An additional question – sci-fi as a genre. I've described this work as “future fiction” or “future-noir” but these are probably not viable genres for a query letter. The novel is in the style of William Gibson or Michael Crichton – would you list this as sci-fi? Some agents I've encountered are extremely turned off by anything listed as sci-fi, and I want agents to give my work a chance and not just chuck it because of the genre. On the other hand, I wouldn't want to misrepresent the novel. I feel like I'm in a grey area here. Should I just leave it listed as mainstream fiction?

Dear Query Shark,

Zone 3 – Perimeter.


Something is out there in the wasteland, where there should be nothing.

I see the other members of my work unit tense up – hands tight on their semi-automatics, eyes fixed on the viewscreen mounted on the interior wall of the Crusher. They anticipate the worse, even though it's been years since one has been spotted — a Riser, one of the monsters created by the resurrection plague that swept the globe a decade before, decimating the population and the landscape.

I'm not scared, though I should be. No adrenaline rush, no cold sweats. My body just can't react to what it doesn't know.

You see, I don't remember. Post-traumatic amnesia has wiped my slate clean — I'm an outsider, even to myself. Life at the Farm is the only life I know: protein slurries for nourishment, guard units for protection, work assignments from Central Command. It may be bleak but it's the only place I belong.

How would she know it's bleak if it's the only thing she knows?

My sister Mercy, on the other hand, can't let go of the past. We don't talk much, so I am more than curious when she demands a meeting, a feeling that mingles with trepidation as she begins to reveal her years of work on a secret biological project, a plan to make things “the way they used to be.” The project is nearing completion, but she senses that she is being monitored, and not just for protocol purposes. Fearing for her life as well as her years of work, she is determined to expose the project and hatches a plan to sneak me and the 5 members of my work unit into her high-security lab on the outskirts of the Farm.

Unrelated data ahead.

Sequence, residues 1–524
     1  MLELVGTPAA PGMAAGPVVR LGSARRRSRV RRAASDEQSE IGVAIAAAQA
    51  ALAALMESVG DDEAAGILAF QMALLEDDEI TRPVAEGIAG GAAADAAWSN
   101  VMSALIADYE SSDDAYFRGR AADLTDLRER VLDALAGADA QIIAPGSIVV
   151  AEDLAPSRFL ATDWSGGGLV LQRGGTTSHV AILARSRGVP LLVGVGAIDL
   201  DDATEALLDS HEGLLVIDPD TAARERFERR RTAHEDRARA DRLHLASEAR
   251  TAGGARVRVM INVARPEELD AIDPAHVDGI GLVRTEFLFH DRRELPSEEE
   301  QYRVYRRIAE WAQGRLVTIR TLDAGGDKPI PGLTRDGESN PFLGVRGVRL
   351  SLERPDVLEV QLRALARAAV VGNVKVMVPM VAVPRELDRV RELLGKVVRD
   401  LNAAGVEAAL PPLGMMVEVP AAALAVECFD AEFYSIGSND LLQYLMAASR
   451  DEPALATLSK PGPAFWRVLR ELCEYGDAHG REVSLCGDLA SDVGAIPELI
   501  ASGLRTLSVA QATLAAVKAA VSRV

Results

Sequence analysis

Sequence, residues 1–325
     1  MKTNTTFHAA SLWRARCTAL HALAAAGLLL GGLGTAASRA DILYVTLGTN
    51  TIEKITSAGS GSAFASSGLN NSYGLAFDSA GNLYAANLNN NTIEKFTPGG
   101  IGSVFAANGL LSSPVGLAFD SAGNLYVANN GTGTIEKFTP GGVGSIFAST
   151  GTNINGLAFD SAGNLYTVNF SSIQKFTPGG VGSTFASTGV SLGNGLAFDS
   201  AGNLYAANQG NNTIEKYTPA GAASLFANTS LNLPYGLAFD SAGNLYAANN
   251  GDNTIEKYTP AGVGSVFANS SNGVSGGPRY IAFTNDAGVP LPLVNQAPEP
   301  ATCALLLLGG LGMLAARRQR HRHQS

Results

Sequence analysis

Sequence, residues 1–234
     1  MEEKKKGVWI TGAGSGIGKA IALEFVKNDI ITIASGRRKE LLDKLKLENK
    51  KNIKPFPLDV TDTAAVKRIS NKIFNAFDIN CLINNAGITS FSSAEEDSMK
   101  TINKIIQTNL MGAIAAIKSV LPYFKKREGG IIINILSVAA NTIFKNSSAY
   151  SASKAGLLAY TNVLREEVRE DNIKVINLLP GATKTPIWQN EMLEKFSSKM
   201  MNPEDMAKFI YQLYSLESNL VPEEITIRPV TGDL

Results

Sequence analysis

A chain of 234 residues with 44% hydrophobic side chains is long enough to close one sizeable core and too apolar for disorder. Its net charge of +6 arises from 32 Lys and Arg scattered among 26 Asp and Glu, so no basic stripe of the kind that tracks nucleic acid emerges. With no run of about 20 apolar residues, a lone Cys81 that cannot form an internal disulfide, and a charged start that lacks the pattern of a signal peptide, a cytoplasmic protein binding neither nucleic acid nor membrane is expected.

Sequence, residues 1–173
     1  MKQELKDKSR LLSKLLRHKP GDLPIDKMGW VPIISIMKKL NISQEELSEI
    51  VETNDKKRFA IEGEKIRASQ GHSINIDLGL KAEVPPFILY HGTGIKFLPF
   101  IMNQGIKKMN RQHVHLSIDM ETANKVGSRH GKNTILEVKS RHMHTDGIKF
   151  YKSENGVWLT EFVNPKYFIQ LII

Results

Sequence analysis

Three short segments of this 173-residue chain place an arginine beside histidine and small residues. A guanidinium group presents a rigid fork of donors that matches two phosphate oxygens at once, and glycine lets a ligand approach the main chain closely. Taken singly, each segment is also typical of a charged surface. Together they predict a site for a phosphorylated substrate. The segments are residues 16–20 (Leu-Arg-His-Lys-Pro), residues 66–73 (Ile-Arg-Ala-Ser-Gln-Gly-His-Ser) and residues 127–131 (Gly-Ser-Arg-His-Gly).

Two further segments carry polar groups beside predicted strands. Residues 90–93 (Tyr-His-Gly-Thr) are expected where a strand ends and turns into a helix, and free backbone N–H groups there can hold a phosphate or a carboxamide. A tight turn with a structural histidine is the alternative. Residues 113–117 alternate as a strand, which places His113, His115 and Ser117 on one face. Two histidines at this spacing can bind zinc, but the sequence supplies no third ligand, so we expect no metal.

At first, the promise of a new life in that verdant biotope seems like a glimpse of paradise, but only until the project goes horribly, horribly wrong. With one false step, the plague is back, and I am on the run for my life with my sister and the members of my unit. Not everyone will make it out alive.

A compelling mixture of the bleak urban future of J.G Ballard with the pace of Robert Ludlum, Invicta is an 85,000 word piece of mainstream fiction set in the crumbling world of the near future. It is my first novel.

Thank you for your time and consideration,

You're very right that I've railed against writing a query in the voice of the heroine previously.  As far as I can tell here, there's no compelling reason to do so in this query either.  It doesn't work.

You write "I thought this format might transmit, in a small space, the feeling of the novel and my voice" but it doesn't.  Voice isn't who's speaking. Voice is how you say things: the words you choose, the order, the cadence the rhythm.  There's nothing here that lifts this query out of the usual -- sentences that make me think "oh yes!" and that's what you want. This query doesn't sound like a person talking about their life, it sounds like a newspaper account.